King James Version (KJV)
1 Blessed is the man that walketh not in the counsel of the ungodly, nor standeth in the way of sinners, nor sitteth in the seat of the scornful.
2 But his delight is in the law of the Lord; and in his law doth he meditate day and night.
3 And he shall be like a tree planted by the rivers of water, that bringeth forth his fruit in his season; his leaf also shall not wither; and whatsoever he doeth shall prosper.
4 The ungodly are not so: but are like the chaff which the wind driveth away.
5 Therefore the ungodly shall not stand in the judgment, nor sinners in the congregation of the righteous.
6 For the Lord knoweth the way of the righteous: but the way of the ungodly shall perish.
Last night I didn’t have to teach Bible study. Instead, our pastoral intern Kristin Campbell was assigned to lead a discussion about Psalm 1. I fully expected Kristin to do a great job, but I have been surprised at how much our discussion last night has stuck with me.
Psalm 1 is a familiar one for me. I remember my parents reading it at morning family devotions and talking about it like a cautionary tale…you could either be the good man (nobody used inclusive language back then) and follow the right path and everything would be great and you’d grow like a big, leafy tree…or you could choose the wrong path and end up dried and dead and blowing around in the wind, a total failure. Make sure you chose the right path, the message sounded loud and clear…or else.
A little later in my life, I experienced the Psalm through a choral setting we sang in various choirs where I participated. I tried without success to find a copy on YouTube. There would be no point in my trying to sing it here, as my singing would result in no recognition whatsoever. But the music planted the Psalm a little deeper in my heart. It has always been one of my favorites.
Last night, however, I got to think of it in a totally new way.
Kristin said the Psalm was meant to be a sort of preface to the entire Psalter, like the beginning of the whole songbook of the Psalms. Since we’ve been studying the Psalms all fall, our group knows there are all sorts of Psalms that express many different kinds of human emotions…Kristin told us they were a whole body of worship materials that reflect on human relationship with God, and Psalm 1 is instruction for how to use them.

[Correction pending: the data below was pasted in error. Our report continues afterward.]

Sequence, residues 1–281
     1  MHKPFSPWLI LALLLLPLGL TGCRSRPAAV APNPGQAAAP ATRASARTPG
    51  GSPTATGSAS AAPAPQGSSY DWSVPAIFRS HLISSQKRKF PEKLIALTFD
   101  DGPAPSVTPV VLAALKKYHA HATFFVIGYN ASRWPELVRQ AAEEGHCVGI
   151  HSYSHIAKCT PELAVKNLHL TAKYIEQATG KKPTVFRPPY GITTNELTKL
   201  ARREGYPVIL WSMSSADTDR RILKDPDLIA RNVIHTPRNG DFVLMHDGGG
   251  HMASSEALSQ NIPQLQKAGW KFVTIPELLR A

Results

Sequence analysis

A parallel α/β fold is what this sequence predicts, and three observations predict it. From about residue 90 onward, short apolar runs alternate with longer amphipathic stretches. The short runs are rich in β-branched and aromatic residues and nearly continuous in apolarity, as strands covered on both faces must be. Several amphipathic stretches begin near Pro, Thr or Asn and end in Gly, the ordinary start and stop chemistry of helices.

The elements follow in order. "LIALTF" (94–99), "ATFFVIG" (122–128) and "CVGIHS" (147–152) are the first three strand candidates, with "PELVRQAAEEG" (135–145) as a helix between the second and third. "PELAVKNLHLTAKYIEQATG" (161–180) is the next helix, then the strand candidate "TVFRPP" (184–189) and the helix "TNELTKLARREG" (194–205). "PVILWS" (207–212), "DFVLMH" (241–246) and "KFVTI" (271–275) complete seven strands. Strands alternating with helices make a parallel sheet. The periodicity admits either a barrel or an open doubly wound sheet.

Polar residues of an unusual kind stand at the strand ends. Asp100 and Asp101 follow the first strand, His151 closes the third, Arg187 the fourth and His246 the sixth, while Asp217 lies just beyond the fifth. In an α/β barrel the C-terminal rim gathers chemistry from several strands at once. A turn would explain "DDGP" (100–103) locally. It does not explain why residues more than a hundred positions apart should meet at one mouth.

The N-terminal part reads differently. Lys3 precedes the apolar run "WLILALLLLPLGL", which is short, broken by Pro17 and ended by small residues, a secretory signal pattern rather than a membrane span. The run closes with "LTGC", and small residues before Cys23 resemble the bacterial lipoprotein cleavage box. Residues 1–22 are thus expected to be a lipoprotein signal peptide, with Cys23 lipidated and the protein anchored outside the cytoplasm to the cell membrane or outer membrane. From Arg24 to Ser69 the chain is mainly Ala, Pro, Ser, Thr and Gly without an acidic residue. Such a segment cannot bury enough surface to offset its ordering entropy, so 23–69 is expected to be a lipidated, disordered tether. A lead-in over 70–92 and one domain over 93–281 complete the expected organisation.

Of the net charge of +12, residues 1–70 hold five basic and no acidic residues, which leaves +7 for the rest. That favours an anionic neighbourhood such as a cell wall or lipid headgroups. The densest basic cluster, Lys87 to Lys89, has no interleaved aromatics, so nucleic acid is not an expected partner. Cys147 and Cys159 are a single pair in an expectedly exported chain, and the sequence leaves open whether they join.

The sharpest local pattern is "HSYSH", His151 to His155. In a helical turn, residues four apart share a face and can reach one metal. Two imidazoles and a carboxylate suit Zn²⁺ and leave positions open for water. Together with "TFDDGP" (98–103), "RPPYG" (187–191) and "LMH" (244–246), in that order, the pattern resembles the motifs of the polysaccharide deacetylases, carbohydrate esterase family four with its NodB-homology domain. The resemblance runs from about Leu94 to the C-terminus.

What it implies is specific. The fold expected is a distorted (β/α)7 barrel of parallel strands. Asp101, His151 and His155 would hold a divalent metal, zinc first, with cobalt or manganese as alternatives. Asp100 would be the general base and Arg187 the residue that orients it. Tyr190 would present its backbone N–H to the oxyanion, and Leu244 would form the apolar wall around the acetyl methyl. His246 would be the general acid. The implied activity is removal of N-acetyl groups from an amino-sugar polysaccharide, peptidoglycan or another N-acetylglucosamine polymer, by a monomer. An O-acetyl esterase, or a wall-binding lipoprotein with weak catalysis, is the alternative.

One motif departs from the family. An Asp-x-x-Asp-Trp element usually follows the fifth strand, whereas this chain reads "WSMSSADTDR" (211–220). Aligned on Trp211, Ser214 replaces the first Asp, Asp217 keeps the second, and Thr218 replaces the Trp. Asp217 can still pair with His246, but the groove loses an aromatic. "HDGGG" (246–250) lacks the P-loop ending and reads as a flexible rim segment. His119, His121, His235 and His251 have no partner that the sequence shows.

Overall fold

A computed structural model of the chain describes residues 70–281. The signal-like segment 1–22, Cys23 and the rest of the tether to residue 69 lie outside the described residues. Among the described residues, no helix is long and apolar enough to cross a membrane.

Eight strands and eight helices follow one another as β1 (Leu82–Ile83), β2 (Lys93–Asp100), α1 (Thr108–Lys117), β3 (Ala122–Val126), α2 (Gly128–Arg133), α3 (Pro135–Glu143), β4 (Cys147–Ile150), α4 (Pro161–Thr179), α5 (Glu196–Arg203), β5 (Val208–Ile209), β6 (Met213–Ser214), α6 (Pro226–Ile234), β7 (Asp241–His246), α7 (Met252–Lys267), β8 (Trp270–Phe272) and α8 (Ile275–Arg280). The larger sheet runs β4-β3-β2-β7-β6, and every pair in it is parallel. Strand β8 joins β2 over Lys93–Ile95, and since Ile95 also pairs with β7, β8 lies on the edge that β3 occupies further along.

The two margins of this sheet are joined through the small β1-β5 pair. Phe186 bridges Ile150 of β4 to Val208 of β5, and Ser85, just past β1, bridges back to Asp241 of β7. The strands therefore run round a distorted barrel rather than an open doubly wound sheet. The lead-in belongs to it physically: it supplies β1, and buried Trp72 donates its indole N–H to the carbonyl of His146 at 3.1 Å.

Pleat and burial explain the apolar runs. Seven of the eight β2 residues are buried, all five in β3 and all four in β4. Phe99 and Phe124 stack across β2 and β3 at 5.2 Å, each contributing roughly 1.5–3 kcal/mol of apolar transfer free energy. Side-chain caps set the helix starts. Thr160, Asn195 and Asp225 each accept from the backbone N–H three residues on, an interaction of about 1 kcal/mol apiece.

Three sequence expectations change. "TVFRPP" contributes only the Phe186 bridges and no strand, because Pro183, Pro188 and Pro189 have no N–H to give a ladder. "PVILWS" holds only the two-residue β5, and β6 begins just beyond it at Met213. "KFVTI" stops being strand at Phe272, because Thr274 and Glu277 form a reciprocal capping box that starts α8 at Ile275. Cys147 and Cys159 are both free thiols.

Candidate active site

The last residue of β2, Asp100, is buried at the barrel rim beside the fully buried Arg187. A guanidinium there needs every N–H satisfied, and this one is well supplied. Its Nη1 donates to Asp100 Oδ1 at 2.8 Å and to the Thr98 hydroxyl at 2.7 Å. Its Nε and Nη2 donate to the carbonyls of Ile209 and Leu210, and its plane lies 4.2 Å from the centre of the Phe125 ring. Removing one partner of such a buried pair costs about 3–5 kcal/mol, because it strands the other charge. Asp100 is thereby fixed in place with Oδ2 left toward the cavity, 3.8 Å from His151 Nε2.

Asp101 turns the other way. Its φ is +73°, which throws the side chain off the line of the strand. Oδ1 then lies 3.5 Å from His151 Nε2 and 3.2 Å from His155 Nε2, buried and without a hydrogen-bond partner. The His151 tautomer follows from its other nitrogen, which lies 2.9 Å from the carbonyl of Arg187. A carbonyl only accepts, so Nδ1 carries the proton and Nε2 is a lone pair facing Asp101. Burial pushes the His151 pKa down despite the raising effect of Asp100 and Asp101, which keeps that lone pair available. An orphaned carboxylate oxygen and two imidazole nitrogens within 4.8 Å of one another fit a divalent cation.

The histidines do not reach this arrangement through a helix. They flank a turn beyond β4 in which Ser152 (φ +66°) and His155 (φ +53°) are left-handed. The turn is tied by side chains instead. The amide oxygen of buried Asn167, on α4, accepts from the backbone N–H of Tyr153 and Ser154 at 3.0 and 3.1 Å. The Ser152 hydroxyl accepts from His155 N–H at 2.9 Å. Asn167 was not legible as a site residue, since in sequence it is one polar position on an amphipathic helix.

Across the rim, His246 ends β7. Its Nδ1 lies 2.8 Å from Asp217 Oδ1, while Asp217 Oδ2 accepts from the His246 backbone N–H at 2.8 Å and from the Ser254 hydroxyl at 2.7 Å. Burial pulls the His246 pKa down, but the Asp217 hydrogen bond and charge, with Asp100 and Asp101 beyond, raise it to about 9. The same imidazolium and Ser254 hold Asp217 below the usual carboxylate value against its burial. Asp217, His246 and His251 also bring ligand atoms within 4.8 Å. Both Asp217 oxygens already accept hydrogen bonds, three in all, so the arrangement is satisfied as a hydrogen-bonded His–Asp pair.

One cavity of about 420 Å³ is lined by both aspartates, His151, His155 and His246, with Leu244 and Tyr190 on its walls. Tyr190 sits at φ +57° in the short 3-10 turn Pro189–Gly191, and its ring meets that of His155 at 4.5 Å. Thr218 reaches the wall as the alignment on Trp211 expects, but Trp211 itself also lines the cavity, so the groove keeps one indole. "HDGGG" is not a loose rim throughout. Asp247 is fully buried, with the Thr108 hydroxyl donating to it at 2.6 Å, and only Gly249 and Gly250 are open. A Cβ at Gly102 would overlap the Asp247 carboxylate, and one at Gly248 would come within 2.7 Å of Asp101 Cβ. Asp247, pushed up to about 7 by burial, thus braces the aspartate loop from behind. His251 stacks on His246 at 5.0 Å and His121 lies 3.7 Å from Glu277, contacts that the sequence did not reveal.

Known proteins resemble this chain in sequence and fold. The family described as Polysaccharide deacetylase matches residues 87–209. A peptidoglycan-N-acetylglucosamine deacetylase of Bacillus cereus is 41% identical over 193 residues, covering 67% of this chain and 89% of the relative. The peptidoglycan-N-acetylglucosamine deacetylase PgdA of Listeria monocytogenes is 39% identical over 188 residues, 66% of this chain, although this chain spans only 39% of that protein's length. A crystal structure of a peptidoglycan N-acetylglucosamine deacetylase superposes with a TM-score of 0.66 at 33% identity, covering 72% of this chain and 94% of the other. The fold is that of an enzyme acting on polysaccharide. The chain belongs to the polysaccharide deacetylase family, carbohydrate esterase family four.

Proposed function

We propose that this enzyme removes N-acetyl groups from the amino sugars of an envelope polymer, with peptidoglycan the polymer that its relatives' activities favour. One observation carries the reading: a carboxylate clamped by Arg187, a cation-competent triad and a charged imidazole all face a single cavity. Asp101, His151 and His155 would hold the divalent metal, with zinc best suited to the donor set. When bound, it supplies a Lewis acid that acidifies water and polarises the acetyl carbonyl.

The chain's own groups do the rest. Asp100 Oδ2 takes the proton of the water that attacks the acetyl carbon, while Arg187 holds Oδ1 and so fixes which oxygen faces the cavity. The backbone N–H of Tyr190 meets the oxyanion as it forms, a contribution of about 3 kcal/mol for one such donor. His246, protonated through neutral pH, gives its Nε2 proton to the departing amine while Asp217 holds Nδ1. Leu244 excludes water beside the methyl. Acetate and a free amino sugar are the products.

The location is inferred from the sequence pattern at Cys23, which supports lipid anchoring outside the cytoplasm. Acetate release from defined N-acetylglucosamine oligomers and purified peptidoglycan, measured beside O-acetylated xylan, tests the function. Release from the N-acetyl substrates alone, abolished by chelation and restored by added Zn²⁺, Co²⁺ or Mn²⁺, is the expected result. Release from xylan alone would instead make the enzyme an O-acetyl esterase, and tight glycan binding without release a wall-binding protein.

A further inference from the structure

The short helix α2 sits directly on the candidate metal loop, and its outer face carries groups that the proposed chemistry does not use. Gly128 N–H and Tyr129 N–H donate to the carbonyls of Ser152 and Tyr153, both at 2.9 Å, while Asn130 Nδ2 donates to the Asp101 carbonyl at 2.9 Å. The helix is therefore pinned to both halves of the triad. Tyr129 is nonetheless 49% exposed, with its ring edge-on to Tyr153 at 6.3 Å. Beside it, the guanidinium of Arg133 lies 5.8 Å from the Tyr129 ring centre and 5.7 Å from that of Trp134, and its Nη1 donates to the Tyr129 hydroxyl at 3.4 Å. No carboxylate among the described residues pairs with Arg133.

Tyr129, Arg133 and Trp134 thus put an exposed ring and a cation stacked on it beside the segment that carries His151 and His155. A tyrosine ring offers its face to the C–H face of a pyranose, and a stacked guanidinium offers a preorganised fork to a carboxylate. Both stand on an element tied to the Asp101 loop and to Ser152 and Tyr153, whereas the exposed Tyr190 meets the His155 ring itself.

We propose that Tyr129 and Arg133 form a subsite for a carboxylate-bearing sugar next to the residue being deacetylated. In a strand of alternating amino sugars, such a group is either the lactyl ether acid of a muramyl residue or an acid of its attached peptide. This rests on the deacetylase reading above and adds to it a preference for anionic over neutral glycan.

So, as instruction for the Hebrews who used the Psalter, the Psalmist reminds them that the best way to use the Psalms is to meditate on them day and night. Of course this image calls to mind ashrams in India and yoga teachers who tell us to “still our minds.” But Kristin pointed out that the word “meditate” here really means more like “recite” or “recall”—that the word instructs the reader or listener to use the Psalms for personal meditation, reading, recitation.
This was important for the Hebrew people, who didn’t carry around leather-bound KJVs in floral Bible cases. Their tradition was largely oral, and it was critical for community formation that they learned and recited the words of the Psalter, recountings of life in relationship with God. It’s how they learned to know God.
If they didn’t take advantage of reciting or meditating on the Psalter, they ran the risk of becoming unmoored…of drifting away from the foundations of their community’s life—relationship with Yahweh.
All of this put an interesting spin on Psalm 1 for me. Turns out Psalm 1 is not really a cautionary Psalm, ranking some people more pious than others and damning those who make bad choices to hell forever and ever. Instead, it’s a gentle reminder that the life of discipleship is a life of disciplined remembering…of recalling again and again the actions of God in the lives of us humans, and learning from what we’ve already experienced.
I woke up this morning still thinking about Psalm 1, a reminder to make discipleship a regular part of every day, so my life can be planted with deep roots, reaching down into nourishing soil and up toward God and the world God has made.
I love pastoral interns.